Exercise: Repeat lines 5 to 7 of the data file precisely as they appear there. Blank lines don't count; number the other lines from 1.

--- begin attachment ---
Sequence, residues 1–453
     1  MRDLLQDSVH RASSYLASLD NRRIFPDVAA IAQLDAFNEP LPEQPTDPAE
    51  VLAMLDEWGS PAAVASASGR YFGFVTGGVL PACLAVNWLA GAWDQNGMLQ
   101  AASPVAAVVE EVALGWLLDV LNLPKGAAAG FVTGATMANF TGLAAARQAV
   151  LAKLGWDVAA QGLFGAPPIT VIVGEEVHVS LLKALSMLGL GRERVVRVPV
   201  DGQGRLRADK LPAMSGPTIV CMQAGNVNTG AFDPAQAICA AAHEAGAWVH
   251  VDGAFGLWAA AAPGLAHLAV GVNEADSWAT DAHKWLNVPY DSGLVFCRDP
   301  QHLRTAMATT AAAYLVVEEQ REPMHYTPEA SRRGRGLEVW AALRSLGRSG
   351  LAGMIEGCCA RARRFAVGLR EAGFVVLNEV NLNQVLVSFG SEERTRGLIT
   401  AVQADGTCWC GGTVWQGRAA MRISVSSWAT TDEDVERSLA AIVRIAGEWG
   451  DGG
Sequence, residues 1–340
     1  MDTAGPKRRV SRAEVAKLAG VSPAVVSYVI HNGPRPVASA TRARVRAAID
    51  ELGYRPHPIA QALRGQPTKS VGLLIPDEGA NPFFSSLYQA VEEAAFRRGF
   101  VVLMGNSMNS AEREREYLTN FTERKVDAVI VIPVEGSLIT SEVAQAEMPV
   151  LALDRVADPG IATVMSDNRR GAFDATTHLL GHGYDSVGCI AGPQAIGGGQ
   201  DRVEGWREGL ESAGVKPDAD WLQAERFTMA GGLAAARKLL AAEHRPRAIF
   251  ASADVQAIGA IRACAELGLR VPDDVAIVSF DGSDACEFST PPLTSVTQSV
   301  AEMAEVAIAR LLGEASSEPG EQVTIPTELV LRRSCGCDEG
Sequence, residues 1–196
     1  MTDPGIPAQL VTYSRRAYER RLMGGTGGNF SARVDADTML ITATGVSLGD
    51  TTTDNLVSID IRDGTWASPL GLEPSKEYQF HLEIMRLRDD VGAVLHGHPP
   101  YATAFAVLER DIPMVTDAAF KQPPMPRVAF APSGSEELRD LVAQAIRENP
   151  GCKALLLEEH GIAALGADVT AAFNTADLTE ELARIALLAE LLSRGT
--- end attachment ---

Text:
   151  LAKLGWDVAA QGLFGAPPIT VIVGEEVHVS LLKALSMLGL GRERVVRVPV
   201  DGQGRLRADK LPAMSGPTIV CMQAGNVNTG AFDPAQAICA AAHEAGAWVH
   251  VDGAFGLWAA AAPGLAHLAV GVNEADSWAT DAHKWLNVPY DSGLVFCRDP